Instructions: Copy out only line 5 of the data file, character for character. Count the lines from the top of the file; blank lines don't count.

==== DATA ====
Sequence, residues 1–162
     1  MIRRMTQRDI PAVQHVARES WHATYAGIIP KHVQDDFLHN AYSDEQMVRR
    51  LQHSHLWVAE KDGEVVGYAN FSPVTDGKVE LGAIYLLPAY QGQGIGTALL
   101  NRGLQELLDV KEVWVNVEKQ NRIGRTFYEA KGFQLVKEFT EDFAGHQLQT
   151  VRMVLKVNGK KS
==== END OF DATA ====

   151  VRMVLKVNGK KS